BY MARIE-JO PROULX
At its annual meeting held in Chicago June 10-14, the American Medical Association ( AMA ) discussed a number of LGBT-related issues. New policies were adopted, reports were submitted and an informational session exploring the pseudo-scientific claims of 'reparative therapy' was presented.
A resolution calling on the AMA to recognize National HIV Testing Day ( June 27 ) and to encourage its members to promote patients' participation in voluntary testing was adopted without any opposition. However, one entitled 'Anonymous HIV Testing on Undergraduate Campuses' generated considerable debate between the different state and specialty delegations.
Several groups were against endorsing anonymous testing because it precludes reporting, counseling and treating of HIV-positive individuals. They argued that the AMA should recommend confidential testing instead. Representatives of the Medical Student Section, who introduced the resolution, insisted that in a campus environment where young people are often reluctant to seek medical care, testing is more likely to be accepted if students know their identity will remain protected. In the end, the assembly voted to support confidential testing.
Granting hospital visitation privileges to LGBT couples is an issue on which there was overwhelming agreement. Physicians from Ohio, North Carolina, Georgia and Texas, as well as delegates from the American Academy of Pediatrics and other organizations, all expressed strong support for this non-discrimination measure. Thus, it is now new AMA policy to encourage all hospitals to add to their regulations and Patient's Bill of Rights language protecting the visitation privileges of same sex couples and their children. It was also pointed out that because documented advance directives can supersede hospital rules, doctors should urge their patients to designate in advance the people they wish to welcome in their hospital rooms.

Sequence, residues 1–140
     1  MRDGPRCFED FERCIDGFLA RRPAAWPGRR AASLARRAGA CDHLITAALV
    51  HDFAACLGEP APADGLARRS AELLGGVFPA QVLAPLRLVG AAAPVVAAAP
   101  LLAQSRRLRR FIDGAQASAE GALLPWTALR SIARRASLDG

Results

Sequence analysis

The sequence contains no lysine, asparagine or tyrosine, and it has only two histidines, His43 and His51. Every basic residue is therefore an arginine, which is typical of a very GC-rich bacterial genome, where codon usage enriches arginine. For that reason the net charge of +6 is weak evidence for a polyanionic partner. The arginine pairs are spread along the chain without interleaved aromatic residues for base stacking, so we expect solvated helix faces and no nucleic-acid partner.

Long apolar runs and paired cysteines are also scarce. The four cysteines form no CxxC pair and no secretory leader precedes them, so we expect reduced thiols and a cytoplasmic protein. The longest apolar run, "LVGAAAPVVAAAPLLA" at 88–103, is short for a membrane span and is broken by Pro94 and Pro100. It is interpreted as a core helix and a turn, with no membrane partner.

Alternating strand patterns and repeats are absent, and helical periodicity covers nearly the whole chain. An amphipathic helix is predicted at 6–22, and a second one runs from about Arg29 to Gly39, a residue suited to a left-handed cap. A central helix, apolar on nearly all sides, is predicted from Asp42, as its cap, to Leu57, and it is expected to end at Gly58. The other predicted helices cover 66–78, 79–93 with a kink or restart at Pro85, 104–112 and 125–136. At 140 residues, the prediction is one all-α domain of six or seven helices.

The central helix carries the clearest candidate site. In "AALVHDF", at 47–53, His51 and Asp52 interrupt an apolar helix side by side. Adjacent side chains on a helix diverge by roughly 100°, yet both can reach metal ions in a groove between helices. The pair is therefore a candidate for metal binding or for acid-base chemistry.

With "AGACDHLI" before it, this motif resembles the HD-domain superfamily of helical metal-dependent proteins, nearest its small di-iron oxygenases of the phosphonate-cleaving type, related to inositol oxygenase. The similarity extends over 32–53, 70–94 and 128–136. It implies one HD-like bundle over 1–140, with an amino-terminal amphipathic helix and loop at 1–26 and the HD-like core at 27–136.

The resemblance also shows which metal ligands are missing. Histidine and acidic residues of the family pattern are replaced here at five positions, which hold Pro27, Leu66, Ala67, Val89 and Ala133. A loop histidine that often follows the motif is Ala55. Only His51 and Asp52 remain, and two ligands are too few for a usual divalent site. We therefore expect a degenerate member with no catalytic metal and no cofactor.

The concepts of discrimination against individual patients and a physician's objection to treat gave rise to much discussion. The proposed resolution would have seen the AMA endorsing a doctor's right to refuse treatment on conscientious grounds only outside of emergency situations. Opponents contended that the wording acknowledged no distinction between existing doctor-patient relationships and new ones and so provided no clear guidelines as to when a patient must be attended to and when he/she can be referred to another physician. A decision on the matter was postponed to a later date.
Earlier this year, the Centers for Disease Control and Prevention ( CDC ) published a white paper entitled 'Expedited Partner Therapy [ EPT ] in the Management of Sexually Transmitted Diseases,' which offers guidelines as to when and how to use the therapy. The AMA voiced unanimous support for the CDC's recommendations. Essentially, EPT consists of a doctor prescribing medication for his/her patient's partner without performing a physical examination—most of the time without ever seeing the partner. The idea is for treatment to reach an infected individual even though he/she may not wish to see a doctor, or even be aware that he/she has been exposed to an infected sexual partner. The practice is not legal in most states but is widely used in California and New York.